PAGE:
10 Things That Used to Cost Money but Are Now Free

Things That Used to Cost, But Are Now Free

By Maryalene LaPonsie

Did you like the post about 15 things that used to be free but now cost money? It's time to flip that, and discuss what you used to pay for but can now get as a freebie.

10 Things That Used to Cost Money but Are Now Free
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10 Things That Used to Cost Money but Are Now Free
In the olden days, if you wanted to sell something, you would probably fork over money to run a classified ad in the newspaper. Now you have plenty of free options to sell your wares. Craigslist has the widest reach, but there's also eBay Classifieds (formerly known as Kijiji) or any of the many buy/sell groups you'll find on Facebook. Some newspapers have even gotten into the act by allowing free classifieds on their websites.
Speaking of newspapers, buying one used to the way to stay up-to-date on current events. It was either that or plan your evening so you could sit down for the nightly news. Now, you merely have to flip on your computer to find all sorts of free news 24/7 on the Internet. Even if you don't have your own home Internet service, you only have to head to the library to take advantage of this freebie.
While you're at the library, take a look around. Long gone are the days in which your library was filled with musty books. Today, you can borrow CDs, DVDs, video games and more at many branches across the nation. My local library even has an iPad and an electricity usage monitor available for checkout.
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Another thing that used to cost money is budgeting software. You can still buy programs like Quicken, but unless your finances are complex, there's probably no reason to shell out the cash. Instead, you can use any number of free budgeting websites or apps, such as PowerWallet or Mint. If you're concerned about the safety of your information, learn how to effortlessly track your expenses, free
In the past, if you wanted to see a copy of your credit report, you needed to pay for it. Now, thanks to the government, you're entitled to one free report each year from each of the three major credit bureaus. However, to get it, you need to be sure to go to AnnualCreditReport.com and not one of the dozens of other knockoff sites that want your credit card information.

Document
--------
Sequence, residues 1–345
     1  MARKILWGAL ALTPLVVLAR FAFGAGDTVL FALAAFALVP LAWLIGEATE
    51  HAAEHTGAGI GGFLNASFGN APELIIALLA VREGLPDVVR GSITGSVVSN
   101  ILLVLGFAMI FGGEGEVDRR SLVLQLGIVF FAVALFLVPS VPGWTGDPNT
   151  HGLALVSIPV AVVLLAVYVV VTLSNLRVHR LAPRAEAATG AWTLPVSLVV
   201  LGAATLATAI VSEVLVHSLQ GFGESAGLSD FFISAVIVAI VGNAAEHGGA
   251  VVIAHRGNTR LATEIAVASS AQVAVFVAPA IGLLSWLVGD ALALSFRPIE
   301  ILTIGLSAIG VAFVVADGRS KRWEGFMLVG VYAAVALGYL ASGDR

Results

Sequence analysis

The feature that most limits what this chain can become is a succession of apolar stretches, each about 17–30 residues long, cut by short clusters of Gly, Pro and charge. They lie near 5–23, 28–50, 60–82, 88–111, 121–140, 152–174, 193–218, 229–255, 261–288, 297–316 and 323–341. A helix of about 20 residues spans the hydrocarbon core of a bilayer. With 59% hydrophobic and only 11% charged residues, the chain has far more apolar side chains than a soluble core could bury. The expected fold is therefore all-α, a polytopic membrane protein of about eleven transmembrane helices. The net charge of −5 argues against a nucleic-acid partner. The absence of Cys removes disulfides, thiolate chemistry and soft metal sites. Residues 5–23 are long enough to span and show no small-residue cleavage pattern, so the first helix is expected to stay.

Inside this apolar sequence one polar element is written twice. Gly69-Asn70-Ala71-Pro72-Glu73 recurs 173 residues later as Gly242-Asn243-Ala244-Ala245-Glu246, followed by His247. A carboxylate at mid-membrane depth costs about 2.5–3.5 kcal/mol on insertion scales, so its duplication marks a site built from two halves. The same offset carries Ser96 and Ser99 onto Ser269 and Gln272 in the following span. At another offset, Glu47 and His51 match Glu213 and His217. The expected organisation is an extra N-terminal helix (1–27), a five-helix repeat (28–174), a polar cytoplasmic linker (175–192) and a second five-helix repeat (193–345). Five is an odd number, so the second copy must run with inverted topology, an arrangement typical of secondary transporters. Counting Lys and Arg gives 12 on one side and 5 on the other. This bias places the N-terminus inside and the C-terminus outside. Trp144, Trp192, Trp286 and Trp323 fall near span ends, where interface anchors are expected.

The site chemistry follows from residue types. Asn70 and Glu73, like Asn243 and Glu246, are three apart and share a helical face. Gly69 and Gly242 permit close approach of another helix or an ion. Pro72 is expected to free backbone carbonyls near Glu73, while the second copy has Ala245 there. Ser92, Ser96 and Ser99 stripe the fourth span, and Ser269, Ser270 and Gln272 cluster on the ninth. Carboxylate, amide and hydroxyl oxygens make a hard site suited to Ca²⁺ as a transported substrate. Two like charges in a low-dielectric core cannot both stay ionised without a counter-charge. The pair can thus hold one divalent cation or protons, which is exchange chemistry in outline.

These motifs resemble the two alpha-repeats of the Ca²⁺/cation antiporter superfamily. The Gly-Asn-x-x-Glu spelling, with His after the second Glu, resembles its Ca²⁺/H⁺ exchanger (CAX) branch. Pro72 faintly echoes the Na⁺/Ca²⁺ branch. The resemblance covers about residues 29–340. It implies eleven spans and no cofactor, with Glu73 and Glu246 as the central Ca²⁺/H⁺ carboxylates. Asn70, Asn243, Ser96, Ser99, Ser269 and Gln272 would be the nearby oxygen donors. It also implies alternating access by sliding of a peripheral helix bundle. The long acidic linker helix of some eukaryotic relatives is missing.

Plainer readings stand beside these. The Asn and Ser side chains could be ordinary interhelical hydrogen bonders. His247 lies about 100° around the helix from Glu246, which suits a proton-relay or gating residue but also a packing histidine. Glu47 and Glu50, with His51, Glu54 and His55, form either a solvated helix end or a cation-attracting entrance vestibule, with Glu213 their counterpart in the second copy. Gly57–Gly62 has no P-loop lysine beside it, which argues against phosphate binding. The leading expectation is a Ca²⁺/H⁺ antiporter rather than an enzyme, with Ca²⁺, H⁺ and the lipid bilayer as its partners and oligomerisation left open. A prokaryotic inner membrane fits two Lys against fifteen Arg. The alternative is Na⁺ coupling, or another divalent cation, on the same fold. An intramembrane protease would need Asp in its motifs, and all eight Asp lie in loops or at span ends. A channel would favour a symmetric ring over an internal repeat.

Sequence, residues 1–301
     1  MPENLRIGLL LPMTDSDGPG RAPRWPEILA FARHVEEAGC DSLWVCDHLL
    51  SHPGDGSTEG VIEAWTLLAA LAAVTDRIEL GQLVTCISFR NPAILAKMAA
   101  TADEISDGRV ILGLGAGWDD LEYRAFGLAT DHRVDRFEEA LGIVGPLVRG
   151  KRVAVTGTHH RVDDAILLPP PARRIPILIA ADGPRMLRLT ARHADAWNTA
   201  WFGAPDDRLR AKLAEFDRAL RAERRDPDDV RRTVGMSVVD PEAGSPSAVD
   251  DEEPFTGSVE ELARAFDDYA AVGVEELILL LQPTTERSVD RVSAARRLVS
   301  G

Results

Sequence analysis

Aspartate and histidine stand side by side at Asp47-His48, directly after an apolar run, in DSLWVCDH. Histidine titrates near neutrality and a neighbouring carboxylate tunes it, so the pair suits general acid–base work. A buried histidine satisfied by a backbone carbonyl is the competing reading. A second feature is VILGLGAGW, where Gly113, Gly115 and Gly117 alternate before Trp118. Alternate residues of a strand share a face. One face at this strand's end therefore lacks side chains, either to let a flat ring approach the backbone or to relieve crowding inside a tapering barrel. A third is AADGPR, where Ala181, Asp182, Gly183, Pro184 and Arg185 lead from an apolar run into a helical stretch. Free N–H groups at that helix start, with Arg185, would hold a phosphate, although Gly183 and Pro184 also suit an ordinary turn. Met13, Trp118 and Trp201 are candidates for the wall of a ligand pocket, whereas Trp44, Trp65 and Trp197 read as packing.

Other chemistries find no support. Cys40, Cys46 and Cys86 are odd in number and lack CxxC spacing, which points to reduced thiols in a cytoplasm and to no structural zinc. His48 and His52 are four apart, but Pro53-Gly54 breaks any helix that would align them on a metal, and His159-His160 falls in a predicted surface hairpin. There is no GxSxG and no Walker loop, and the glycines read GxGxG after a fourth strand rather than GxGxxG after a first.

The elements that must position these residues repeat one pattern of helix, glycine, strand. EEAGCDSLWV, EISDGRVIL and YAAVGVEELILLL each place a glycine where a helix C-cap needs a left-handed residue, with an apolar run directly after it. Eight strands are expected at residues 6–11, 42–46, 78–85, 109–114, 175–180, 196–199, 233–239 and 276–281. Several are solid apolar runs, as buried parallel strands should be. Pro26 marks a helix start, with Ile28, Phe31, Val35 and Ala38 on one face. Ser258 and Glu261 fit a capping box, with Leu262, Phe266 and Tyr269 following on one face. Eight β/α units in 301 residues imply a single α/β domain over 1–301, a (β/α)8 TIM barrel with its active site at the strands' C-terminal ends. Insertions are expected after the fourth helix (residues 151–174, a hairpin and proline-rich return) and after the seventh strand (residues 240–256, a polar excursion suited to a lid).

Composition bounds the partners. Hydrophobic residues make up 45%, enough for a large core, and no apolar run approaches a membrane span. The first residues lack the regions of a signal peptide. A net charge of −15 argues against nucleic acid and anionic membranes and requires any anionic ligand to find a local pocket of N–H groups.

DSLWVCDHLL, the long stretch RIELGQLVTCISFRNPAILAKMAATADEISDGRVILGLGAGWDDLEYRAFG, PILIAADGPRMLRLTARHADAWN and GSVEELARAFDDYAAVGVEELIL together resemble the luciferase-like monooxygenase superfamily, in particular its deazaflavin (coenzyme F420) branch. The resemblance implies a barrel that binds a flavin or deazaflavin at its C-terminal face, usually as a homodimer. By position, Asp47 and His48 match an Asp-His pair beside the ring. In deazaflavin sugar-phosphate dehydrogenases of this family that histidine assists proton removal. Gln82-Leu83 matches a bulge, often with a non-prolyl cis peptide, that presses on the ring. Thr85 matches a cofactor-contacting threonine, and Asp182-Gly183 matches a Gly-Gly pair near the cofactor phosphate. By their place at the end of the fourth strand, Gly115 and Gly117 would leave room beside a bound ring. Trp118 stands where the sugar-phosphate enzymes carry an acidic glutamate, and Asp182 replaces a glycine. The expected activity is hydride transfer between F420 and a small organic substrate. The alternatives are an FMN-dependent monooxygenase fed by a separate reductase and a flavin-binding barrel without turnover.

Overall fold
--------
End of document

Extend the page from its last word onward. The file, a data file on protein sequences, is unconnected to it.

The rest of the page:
This one has come full circle. In the early days of the Internet, you could listen to music for free (albeit illegally) on Napster. Then you had to pay for music through iTunes, Rhapsody or similar services. Today, we're back to free music through apps such as Spotify and Pandora.
I was a bit horrified to learn my 81-year-old aunt still pays for long-distance calls (from MCI no less -– who knew they were still around?). She may not be ready to let go of her current phone service, but there's no reason you should be paying for long distance. i can suggest three ways to make free long-distance calls.
Backing up your important documents to the cloud can be a smart way to avoid the heartbreak that comes from a fried hard drive and the loss of irreplaceable files. In addition, cloud storage is a convenient way to access information and photos from anywhere. While there are plenty of good cloud storage options that still cost money, others such as  Google (GOOGDrive or Microsoft (MSFTOneDrive are totally free. Amazon (AMZN) Prime also gives its members unlimited photo storage in the cloud.
Remember when GPS systems were the hot Christmas gift one year? You had to pay $100-plus for the unit and, in some cases, shell out extra to update maps periodically. You can still buy separate GPS systems, but if you have a smartphone, there's really no reason to. There are plenty of free GPS apps that work perfectly fine. Google Maps is my go-to option, and it's never let me down.
Finally, thanks to the Internet, you can now get practically anything for free if you know where to look. Freecycle and Craigslist can help you with free stuff, but browsing the Web can turn up all sorts of ideas on how to get services for free, too. Here's some of what we've covered on Money Talks News:
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